By definition, all startups are scrappy. The good ones are scrappy and clever. The great ones are scrappy, clever and successful.

Take Airbnb, the short-term peer-to-peer lodging site, for example.

Many people today see Airbnb as somewhat of an overnight success. However, the lesser known reality is that, after a year of slogging away and accumulating roughly $40k in credit card debt, the founders devised a unconventional way to gain exposure at the 2008 Democratic National Convention in Denver--selling cereal.

With over 80,000 attendees and a massive shortage of rooms available for the convention, the startup found it to be the perfect opportunity to showcase their solution. In order to get the attention they needed, they designed and hand-assembled 500 boxes of "Obama O's" and "Cap'n McCain's" cereal to send to high profile bloggers in hope of coverage.

Not only did they get the exposure that they needed, but the cereal itself became so popular that they started to sell them for $40 each.

In the end, Airbnb sold $30,000 in cereal which helped to pay down a majority of their debt. More importantly, this became the turning point in their business which ultimately led them to raising $2.3 billion.

While you don't encounter rags-to-riches stories like that all too often, startups throughout the world are constantly coming up with clever ways to make their mark.

And, Startup Drugz is one of them.

Counter to what the name may suggest, Startup Drugz is an apparel company. More specifically, it's a t-shirt apparel company that caters to startups and those that love them.
Their clothing is a mixture of 1/3 motivation and 2/3 tongue-in-cheek. Their sayings range from 'Allergic to Failure' to 'My VC Paid for this Shirt'.

Clever, right?

Well, their cleverness doesn't end with just their products, they've also done a few unconventional things to show their customers just who they are, and what they stand for.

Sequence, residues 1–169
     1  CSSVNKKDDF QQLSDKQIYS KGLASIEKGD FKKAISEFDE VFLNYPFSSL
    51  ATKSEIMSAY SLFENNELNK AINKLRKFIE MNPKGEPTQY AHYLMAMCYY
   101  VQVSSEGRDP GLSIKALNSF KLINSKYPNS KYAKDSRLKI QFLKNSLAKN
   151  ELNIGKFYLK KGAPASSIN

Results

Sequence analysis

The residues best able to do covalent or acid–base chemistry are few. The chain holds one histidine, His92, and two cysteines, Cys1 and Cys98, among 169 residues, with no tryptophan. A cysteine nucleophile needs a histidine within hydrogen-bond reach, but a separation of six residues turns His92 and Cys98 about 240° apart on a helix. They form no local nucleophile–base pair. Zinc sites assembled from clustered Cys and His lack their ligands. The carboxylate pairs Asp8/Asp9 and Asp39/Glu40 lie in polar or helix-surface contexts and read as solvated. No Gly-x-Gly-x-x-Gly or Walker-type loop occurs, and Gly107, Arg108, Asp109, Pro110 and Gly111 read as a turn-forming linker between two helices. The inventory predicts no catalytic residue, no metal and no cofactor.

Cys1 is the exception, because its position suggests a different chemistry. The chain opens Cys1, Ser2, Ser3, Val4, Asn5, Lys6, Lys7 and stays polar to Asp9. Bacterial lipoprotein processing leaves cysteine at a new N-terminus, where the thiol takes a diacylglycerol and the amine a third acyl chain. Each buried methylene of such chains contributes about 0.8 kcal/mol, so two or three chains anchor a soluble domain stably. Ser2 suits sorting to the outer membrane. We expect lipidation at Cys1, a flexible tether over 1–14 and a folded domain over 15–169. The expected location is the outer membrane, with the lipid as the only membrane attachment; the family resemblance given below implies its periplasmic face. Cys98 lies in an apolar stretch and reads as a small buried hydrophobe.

One of those things is how they've chosen to deal with trolls. (For the uninitiated, a 'troll' is someone who has nothing nice to say, but says it anyway, usually under the guise of anonymity.)

Rather than ignore the trolls, Startup Drugz decided to enlisted the help of their fans to engage with them. Even better, they made it into a competition, rewarding the most creative 'troll responder' each month with a free mug and a $50 donation in their name to the Megan Meier Foundation, which is an organization that tackles the issues surrounding cyberbullying and suicide.

Another example of their creativity is their twist on social good. Rather than donating a portion of their profits to charity, they set aside 5% of profits to be reinvested back into the startup community by way of angel investing in startups. Very meta and clever.

That's why I wasn't the least bit surprised to get an email this afternoon regarding their latest (and possibly most clever) marketing hack to date.

The subject line read: Winning the Powerball As a Startup Fundraising Strategy

In what seems to be a play on the "share this post and good things will come", Startup Drugz has tapped into the power of social and everyone's dream of winning the Powerball to give us a lesson in social marketing 101.

Once again, they've brilliantly tied fundraising, a hot topic in the world of startups (aka their customers), into marketing. This time however, it's attached to the hopes and dreams of everyone in the US hoping to hear their numbers being called on during the Powerball drawing.

Startup Drugz has purchased a $20 ticket, drafted and signed an legally binding agreement and is offering to split their winning with anyone that likes, shares and/or comments on their post. The more shares, the more you could get.

And, of course, they brilliantly tied that into an aptly designed shirt featuring a Powerball ticket with the tagline, My Startup's Fundraising Strategy.

While, as of this writing, the post hasn't gone viral, it has certainly mustered up enough attention to warrant the $20 they spent on the promotion. And, if they just so happen to get lucky, well ... they may just buy Airbnb.

Published on: Jan 12, 2016